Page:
Ancient Egypt Satellite Imagery

After class I was talking to a friend about our Ancient Egypt Archaeology class and she mentioned an interesting discovery that I though I would share.  The link to an article about this discovery is:

Last year a United States Egyptologist, Dr. Sarah Parcak from the University of Alabama, used infrared satellite imaging to look at the region surrounding San El Hagar including Ancient Tanis. Infrared satellite imaging allows for denser soil to be visible. The ancient Egyptians used mud brick to build structures including their temples, houses and tombs. The mud brick is much denser than the surrounding soil, and allows for the structures to become visible.

Over 1,000 tombs and 3,000 ancient settlements including 17 pyramids were found! After the imaging was analyzed, they performed initial excavations and confirmed some of the findings. These excavation validated the use of this technology. Dr. Parcak explained “these are just the sites [close to] the surface. There are many thousands of additional sites that the Nile has covered over with silt. This is just the beginning of this kind of work.” The archaeological team used the satellite imagery to focus their archaeological field work. Another benefit from this technology is that the Egyptian Government can use the images to protect the countries antiquities!

What I found most interesting about this article was that they were able to tell from the imagery that if the tombs were looted. It is amazing that they can tell from a satellite image if a archaeological site is looted. What I would like to know is what details of the imagery allowed them to determine if looting occurred. I wonder if it has to do with the density of the soils. When looters loosen the soil to reach the artifacts, that could change the density of the soil; maybe this is what they are seeing in the infrared images.

2 thoughts on “Ancient Egypt Satellite Imagery

  1. I thought this article was very interesting and I am very glad you shared it with us. This type of technology will have a huge impact on the field of archaeology and will give researches the chance to unlock more secrets of the past. It seems that because so many sites have been excavated in Egypt already that there can’t possibly more to find out there. But with this satellite imagery, it is clear hat there is still tons of stuff out there that has yet to be excavated. This is very good news for aspiring archaeologists, like myself, because there is still more stuff to be uncovered out there.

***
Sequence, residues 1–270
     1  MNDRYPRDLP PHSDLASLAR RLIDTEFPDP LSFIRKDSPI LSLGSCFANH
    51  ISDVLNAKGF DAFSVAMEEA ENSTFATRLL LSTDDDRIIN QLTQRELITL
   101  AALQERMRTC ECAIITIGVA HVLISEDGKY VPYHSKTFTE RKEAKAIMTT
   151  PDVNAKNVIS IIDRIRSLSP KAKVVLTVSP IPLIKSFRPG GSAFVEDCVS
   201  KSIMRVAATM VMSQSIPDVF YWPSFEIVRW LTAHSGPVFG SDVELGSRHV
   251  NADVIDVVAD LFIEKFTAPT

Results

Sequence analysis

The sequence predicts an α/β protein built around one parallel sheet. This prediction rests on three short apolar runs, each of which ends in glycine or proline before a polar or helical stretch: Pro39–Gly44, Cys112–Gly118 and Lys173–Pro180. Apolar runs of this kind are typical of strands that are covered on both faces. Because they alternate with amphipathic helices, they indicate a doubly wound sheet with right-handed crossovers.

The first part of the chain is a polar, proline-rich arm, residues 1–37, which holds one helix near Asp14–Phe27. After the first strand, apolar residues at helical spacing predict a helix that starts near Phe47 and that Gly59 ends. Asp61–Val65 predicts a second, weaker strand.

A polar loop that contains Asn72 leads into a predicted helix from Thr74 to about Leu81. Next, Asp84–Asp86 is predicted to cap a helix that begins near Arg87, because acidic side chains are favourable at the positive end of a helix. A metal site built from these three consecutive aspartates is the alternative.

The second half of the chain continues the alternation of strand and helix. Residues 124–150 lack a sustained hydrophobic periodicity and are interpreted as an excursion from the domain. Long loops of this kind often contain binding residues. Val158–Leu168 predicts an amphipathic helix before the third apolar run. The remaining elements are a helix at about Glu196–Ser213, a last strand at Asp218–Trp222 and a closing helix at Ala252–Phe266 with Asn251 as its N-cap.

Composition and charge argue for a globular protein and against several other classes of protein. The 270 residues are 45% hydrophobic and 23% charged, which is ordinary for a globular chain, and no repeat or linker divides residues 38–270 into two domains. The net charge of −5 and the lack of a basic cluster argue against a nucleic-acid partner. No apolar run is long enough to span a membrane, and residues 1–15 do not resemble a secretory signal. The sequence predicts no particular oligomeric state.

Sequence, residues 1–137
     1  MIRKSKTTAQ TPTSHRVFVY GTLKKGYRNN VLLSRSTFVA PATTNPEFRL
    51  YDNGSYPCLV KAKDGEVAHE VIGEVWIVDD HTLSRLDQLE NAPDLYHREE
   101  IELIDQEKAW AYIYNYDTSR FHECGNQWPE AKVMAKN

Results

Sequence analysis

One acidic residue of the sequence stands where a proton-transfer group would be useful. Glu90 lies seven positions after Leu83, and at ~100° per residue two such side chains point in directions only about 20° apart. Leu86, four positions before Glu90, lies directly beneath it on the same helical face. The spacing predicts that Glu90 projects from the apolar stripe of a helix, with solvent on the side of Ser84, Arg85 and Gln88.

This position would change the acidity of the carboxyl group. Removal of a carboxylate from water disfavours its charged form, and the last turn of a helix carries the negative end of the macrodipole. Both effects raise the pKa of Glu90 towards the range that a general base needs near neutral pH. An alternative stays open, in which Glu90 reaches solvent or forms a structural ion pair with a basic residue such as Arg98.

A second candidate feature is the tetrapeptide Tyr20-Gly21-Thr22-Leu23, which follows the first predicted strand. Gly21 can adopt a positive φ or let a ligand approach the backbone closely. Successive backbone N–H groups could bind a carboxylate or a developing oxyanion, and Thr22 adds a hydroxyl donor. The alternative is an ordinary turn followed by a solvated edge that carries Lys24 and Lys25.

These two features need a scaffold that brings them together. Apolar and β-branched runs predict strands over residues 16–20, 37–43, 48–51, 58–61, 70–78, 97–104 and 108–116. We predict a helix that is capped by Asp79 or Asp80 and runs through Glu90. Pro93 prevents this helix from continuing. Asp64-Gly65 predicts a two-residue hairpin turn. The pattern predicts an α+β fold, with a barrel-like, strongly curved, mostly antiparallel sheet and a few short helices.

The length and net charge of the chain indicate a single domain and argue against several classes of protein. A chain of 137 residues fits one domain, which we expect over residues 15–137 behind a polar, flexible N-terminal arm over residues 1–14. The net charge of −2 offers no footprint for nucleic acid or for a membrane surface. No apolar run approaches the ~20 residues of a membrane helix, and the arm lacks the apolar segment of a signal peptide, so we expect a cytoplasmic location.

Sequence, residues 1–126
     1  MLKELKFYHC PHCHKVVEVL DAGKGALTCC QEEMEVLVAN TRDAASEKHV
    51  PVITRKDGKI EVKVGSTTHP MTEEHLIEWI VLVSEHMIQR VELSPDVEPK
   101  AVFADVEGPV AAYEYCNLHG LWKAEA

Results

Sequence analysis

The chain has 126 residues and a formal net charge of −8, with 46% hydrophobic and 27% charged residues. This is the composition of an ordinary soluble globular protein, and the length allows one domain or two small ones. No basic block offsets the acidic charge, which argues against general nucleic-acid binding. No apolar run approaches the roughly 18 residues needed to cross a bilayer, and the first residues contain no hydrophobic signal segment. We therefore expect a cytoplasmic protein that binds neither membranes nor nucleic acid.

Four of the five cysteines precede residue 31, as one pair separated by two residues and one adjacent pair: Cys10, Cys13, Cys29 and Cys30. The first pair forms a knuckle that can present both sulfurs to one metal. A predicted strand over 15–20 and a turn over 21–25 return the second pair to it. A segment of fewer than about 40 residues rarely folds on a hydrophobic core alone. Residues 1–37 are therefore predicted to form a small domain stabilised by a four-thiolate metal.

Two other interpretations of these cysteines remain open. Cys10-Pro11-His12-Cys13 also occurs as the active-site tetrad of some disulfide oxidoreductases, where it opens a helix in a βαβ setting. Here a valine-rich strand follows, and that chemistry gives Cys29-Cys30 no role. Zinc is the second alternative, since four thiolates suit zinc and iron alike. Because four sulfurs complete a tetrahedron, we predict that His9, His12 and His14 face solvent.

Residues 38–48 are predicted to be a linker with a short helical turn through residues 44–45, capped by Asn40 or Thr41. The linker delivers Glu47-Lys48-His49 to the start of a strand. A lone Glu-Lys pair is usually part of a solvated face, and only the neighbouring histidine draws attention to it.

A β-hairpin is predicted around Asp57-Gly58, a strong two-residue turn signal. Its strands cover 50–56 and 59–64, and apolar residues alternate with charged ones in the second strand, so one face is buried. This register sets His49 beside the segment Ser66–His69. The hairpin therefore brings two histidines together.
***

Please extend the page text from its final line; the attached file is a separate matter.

I am particularly interested in technology like this because of the work I did last summer in Greece. We were digging to try and find a colonnade at our site but when we got to ancient ground level, we found that its remains had either been be robbed out at some point or were never there to begin with. I think if we had this type of technology at that time, we could have saved ourselves some valuable time and dug elsewhere looking for other important things; instead we wasted about three days of digging for nothing really. This technology could really change the field of archaeology and can point us in the right direction of uncovering the past instead of wasting time basically “guessing” where we think ancient remains are located.

  2. The possibilities of satellite based archaeology seem endless. I’m reminded of Jurassic Park when Dr. Alan Grant fears he will be replaced by sonar scanning devices. The romantics of archaeology may dissipate a bit, seeing as they may not have to do so much field research; but the time and knowledge gained from knowing exactly where to dig seem without pitfall. This method of examination will also be able to curtail silly questions like “where’s Noah’s ark?” There wasn’t one, so there won’t be archaeological evidence for it – but this satellite based look around the world will be able to assure that answer faster than if field research were wasted on such fruitless endeavors.

    What’s incredibly fascinating is the ability to interpret the readings to gain a succinct answer of the past. They examined the density of the earth to identify structures and graves – that is amazing when one realizes how seemingly ludicrous an idea like that is. I certainly hope to hear more in terms of major discoveries found using this method. Next, we’ll know where Atlantis is!

Comments are closed.